At the stroke of midnight on Dec. 31, nearly $140 million will effectively vanish from the budget of one of the city's biggest builders, the New York City School Construction Authority. In the following two years, at least another $260 million will disappear, bringing the total to $400 million—enough to build as many as 10 new schools, say SCA officials.
The losses stem not from budget cuts or cost overruns, but from an unprecedented escalation in the price of the construction insurance that the agency must have to cover the costs of potential injuries suffered by workers on the roughly $2 billion worth of schools the agency builds or rehabs annually.
By most accounts, the culprit is an arcane, century-old rule called Labor Law 240, which mandates that developers assume 100% of the liability for accidents on a building site regardless of fault. That law and a recent run-up in the size of court settlements in such cases have moved insurers to push premiums to record heights.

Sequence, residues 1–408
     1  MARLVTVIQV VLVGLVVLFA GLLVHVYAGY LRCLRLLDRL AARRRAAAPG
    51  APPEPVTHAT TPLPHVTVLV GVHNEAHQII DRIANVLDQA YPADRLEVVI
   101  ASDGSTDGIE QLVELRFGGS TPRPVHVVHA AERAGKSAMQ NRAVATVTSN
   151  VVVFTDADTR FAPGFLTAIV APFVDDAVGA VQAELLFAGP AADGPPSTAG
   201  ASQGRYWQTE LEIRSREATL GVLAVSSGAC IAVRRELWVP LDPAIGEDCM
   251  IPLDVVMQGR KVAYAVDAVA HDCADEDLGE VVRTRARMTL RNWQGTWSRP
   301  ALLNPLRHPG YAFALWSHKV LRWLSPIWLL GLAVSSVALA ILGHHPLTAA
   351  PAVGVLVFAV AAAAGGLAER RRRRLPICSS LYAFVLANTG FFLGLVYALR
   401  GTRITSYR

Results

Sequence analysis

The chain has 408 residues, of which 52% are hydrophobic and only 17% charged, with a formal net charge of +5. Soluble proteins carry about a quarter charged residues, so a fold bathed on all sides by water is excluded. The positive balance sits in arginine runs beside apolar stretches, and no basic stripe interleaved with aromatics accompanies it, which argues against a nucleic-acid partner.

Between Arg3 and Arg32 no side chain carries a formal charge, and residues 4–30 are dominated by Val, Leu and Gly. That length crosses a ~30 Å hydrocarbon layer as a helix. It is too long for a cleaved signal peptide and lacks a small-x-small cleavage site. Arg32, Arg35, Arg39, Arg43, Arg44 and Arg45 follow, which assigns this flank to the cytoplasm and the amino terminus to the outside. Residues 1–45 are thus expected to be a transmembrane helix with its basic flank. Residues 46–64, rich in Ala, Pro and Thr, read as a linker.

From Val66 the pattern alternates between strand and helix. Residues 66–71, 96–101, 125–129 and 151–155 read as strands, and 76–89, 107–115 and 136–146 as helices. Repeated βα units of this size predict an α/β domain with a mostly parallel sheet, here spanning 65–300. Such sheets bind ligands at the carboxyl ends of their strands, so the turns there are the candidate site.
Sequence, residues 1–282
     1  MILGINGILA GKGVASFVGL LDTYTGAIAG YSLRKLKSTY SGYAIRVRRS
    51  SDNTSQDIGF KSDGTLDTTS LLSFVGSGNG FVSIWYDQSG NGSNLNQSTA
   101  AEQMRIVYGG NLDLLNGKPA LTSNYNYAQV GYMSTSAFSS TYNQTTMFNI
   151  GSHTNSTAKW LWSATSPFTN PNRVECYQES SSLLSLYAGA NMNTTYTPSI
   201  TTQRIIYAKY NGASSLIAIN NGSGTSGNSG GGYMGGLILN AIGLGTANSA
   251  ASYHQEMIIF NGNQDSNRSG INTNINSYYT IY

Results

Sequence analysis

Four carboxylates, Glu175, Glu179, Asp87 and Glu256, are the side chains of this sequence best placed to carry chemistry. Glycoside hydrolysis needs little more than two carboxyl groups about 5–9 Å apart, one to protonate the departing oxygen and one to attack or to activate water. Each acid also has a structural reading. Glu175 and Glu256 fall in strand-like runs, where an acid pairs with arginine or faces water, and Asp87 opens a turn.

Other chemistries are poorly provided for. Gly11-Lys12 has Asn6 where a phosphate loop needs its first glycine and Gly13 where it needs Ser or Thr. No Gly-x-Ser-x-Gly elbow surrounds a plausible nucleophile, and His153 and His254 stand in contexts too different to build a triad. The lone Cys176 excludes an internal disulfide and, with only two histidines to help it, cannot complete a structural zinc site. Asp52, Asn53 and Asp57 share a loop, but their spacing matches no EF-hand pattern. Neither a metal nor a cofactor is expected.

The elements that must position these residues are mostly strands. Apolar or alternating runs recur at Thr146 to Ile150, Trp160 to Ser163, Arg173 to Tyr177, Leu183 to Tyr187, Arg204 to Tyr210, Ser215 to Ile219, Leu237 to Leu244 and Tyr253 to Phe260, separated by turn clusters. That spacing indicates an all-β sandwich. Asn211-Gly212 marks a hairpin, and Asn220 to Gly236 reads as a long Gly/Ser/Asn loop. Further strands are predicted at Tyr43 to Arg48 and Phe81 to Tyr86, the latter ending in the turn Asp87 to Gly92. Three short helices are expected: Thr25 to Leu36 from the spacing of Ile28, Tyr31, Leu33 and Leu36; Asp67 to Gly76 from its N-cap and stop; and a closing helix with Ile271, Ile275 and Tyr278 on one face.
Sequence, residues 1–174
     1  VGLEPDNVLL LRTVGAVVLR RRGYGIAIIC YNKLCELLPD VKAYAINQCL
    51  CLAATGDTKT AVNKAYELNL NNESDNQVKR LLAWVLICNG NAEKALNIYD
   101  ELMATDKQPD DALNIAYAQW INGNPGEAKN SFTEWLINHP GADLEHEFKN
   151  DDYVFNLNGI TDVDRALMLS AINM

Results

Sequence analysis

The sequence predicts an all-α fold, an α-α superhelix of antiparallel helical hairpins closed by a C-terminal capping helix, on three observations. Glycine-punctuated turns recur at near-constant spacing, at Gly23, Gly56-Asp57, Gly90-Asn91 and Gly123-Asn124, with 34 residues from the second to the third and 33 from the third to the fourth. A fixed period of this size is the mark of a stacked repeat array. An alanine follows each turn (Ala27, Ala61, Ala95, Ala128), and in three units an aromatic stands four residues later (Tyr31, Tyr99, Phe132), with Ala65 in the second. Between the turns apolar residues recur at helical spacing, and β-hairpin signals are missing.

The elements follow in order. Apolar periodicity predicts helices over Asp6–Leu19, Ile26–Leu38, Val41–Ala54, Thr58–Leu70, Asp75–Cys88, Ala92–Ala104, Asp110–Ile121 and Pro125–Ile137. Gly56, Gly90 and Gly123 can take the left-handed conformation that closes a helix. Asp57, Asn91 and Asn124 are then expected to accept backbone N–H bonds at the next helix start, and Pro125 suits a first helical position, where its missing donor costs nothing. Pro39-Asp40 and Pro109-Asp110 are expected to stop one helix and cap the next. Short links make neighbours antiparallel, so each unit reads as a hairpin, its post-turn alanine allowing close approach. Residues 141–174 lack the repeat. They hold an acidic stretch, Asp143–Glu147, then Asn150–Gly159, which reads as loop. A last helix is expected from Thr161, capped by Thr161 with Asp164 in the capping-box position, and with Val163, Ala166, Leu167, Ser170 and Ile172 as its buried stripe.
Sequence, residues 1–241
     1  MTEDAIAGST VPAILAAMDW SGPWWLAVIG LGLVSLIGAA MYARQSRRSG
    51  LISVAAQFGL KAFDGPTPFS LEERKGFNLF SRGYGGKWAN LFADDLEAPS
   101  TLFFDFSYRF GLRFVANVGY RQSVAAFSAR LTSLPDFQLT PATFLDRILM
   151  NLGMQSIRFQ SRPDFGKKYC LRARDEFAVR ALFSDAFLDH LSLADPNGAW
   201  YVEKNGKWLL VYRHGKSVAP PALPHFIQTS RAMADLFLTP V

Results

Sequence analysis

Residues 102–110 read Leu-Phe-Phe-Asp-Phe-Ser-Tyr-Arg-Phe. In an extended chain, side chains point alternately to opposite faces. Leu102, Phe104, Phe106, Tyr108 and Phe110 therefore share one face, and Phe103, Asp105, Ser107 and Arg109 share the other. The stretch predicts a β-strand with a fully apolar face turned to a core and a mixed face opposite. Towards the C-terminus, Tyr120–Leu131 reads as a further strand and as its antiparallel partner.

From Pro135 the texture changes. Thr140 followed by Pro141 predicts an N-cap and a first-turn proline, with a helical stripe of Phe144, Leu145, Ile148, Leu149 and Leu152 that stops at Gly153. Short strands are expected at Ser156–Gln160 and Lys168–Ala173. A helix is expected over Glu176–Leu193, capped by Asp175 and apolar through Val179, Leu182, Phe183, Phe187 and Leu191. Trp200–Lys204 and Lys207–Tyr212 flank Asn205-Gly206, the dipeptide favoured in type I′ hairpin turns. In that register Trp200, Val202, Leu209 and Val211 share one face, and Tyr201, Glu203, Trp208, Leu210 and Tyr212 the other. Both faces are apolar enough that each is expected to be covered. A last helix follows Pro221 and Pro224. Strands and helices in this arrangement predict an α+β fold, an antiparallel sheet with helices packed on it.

“As a result of Labor Law 240, which imposes strict and absolute liability on owners and general contractors for gravity-related accidents, the SCA's insurance costs are three to four times greater than they would be for the same construction program in New Jersey, which does not have a similar law,” an SCA spokeswoman said. “The impact of the law on the SCA effectively results in the construction of fewer schools because the additional funds that must be spent on insurance will be unavailable for SCA capital projects.”
After months of rising complaints from contractors and developers about their own escalating insurance costs failed to move Albany legislators to change the law, advocates are seizing on the SCA case as the one they hope will finally tip the balance.